Click here to link directly to the January 2017 Governmental Affairs Update shared by the ARC Michigan and RWC Advocacy or view it below:
Government Affairs Update
The 99th Michigan Legislature convened on Wednesday, January 11. There was no committee or floor activity (other than bill introductions), in anticipation of the Consensus Revenue Estimating Conference on January 12, the Governor’s State of the State address on January 17, and the completion of House committee assignments (see below for more on all three). Activity in both chambers will pick up the week of January 23.
Consensus Revenue Estimating Conference
The State Treasurer and other state fiscal leaders gathered on January 12 to finalize revenue projections for the coming year (Fiscal Year 2017-2018). In general, the state’s economy continues to climb slowly and it does not appear that any cuts will be needed in the current fiscal year (due in part to $478 million in one-time revenue from the last fiscal year that will carry forward). Legislative leaders and incoming State Budget Director Al Pscholka stressed that the FY 2018 budget will be “cautious” in light of the forecast and other potential influences on revenue collections, such a declining housing market due to higher interest rates or an unexpected business tax refund. Overall, there is projected revenue growth of $613 million combined for the General Fund and School Aid Fund in FY 2017; combined growth of $558 million in FH 2018; and combined growth of $415 million in FY 2019.Click Here for Consensus Revenue Agreement Executive Summary Economic and Revenue Forecasts Fiscal Years 2017, 2018 and 2019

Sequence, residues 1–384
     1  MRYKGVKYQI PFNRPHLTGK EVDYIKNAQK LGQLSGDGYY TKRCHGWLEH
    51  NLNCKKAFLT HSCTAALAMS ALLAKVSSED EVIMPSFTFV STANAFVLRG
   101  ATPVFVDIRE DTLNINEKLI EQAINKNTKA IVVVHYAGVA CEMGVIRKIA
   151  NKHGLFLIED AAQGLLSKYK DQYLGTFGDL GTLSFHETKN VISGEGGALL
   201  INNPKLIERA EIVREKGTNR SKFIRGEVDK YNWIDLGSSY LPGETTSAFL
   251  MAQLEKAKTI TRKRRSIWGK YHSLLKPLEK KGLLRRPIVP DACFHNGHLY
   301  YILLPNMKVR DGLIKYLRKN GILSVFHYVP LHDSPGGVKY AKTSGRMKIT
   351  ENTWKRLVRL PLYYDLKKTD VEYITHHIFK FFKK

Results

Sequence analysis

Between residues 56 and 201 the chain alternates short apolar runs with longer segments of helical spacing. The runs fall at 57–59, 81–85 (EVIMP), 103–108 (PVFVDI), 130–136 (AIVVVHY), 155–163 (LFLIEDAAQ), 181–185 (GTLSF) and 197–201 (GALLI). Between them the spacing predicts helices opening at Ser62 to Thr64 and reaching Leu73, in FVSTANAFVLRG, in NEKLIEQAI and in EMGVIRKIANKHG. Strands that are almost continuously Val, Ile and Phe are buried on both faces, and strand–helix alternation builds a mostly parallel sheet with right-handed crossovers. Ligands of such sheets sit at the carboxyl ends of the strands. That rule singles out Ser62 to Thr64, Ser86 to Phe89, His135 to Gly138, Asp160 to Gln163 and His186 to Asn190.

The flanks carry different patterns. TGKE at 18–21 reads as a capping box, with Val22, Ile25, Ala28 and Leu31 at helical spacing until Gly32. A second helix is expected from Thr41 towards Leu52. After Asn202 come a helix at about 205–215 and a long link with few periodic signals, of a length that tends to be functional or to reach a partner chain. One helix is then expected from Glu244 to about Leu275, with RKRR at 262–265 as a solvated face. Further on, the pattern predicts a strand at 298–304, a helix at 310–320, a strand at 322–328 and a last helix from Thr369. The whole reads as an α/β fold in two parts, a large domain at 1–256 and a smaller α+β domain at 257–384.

State of the State Address
Governor Snyder delivered his 7th, and second-to-last, State of the State address on January 17. The address was primarily a rundown of numerous issues before the state, such as job growth and infrastructure needs, but contained very few new proposals or initiatives. In contrast to last year’s address, there was very little mention of Flint. The Governor did note the success of the Heathy Michigan Plan and announced that he will be joining other Republican Governors later this week to urge that Congress not dismantle Medicaid expansion as part of any Affordable Care Act revisions.
The Governor began his speech by touting the recent economic development growth announced in Michigan recently. The Governor reiterated his support and success of the Healthy Michigan Plan (Medicaid expansion). It was announced earlier today that the Governor will be in Washington DC this week urging members of Congress to maintain Medicaid expansion.
The Governor announced a crowd sourcing challenge urging creative minds to find a solution to the looming Asian carp crisis in the Great Lakes. For more information, please see www.mi.gov/carpchallenge.
The “vocational village” program in the Ionia prison aimed at giving inmates job skills will be expanded to the Jackson prison and the Huron Valley women’s correctional facility.
The 21st Century Infrastructure Commission recommendations were highlighted, focusing on funding and the asset management component of the commission’s recommendations.
“Place making” was previewed as an item the Governor will recommend for additional resources in the upcoming budget.
The Governor applauded the legislature for adopting autonomous vehicle regulations and touted “Planet M,” which is the overall brand for automotive mobility.